--- U.S. at ----, 112 S.Ct. at 1733


490 U.S. at 329, 109 S.Ct. at 1833


In Pugh, we suggested that to the extent that Cay's first prong permits dismissal of lawsuits which have "no realistic chance of success on the merits," it is wholly consistent with the purposes of section 1915(d). 875 F.2d at 438 (emphasis added). We agree. We invalidate Cay's first prong today, only to the extent that it permits section 1915(d) dismissal of claims which have some "slight" chance of success on the merits


See our discussion of factual versus legal lack of an arguable basis in Moore v. Mabus, 976 F.2d 268, 269-71 (5th Cir.1992)


Neitzke, 490 U.S. at 327, 109 S.Ct. at 1832


Imbler v. Pachtman, 424 U.S. 409, 96 S.Ct. 984, 47 L.Ed.2d 128 (1976); Young v. Biggers, 938 F.2d 565 (5th Cir.1991)


Monell v. New York City Dep't of Soc. Servs., 436 U.S. 658, 98 S.Ct. 2018, 56 L.Ed.2d 611 (1978); Turner v. Upton County, Texas, 915 F.2d 133 (5th Cir.1990), cert. denied, 498 U.S. 1069, 111 S.Ct. 788, 112 L.Ed.2d 850 (1991)


Thomas v. Sams, 734 F.2d 185, 191 (5th Cir.1984), cert. denied, 472 U.S. 1017, 105 S.Ct. 3476, 87 L.Ed.2d 612 (1985)


See Hand v. Gary, 838 F.2d 1420 (5th Cir.1988) (officer shielded from civil rights liability for arrest pursuant to warrant issued by neutral and detached magistrate judge)


Hand, 838 F.2d at 1427 (citations omitted)


Wooton v. Pumpkin Air, Inc., 869 F.2d 848, 850 n. 1 (5th Cir.1989) (quoting Terrell v. University of Texas System Police, 792 F.2d 1360, 1362 n. 3 (5th Cir.1986), cert. denied, 479 U.S. 1064, 107 S.Ct. 948, 93 L.Ed.2d 997 (1987))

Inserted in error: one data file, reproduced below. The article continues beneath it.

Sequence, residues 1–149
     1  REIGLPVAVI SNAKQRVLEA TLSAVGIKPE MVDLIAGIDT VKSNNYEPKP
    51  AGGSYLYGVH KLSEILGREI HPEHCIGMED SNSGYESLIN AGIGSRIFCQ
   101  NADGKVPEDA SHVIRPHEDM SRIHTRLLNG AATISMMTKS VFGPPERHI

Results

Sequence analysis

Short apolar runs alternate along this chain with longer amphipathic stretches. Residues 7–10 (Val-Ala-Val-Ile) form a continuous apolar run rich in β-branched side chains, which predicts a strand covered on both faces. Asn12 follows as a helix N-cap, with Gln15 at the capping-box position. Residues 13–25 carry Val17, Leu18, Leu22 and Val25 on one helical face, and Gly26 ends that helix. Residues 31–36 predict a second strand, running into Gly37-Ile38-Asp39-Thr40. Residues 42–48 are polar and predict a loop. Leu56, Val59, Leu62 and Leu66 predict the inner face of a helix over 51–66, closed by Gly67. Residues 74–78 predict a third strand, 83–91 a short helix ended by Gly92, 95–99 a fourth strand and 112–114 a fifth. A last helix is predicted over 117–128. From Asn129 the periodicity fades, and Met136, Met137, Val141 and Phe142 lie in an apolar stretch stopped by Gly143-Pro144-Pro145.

Because the district court dismissed under section 1915(d), it denied both parties' motions for summary judgment. The parties were afforded an opportunity in the district court, however, to respond to the summary judgment motions. In fact, the magistrate judge's recommendation that the claim be dismissed and the officers' brief on appeal rely heavily on the lack of summary judgment evidence to support Booker's claims. In the interest of judicial economy, and because summary judgment is subject to de novo review by this court, we review the summary judgment record in this case on appeal to determine whether it provides an independent basis for affirming the dismissal of Booker's claims. To remand this case to the district court for an inevitable grant of summary judgment and yet another appeal therefrom would be a purposeless waste of scarce judicial resources


Denton, --- U.S. at ----, 112 S.Ct. at 1733. Thus, the district court should not have relied upon the summary judgment record in determining whether section 1915(d) dismissal is appropriate--"a Sec. 1915(d) dismissal is not a dismissal on the merits." Id., --- U.S. at ----, 112 S.Ct. at 1734


Celotex Corp. v. Catrett, 477 U.S. 317, 322, 106 S.Ct. 2548, 2552, 91 L.Ed.2d 265 (1986)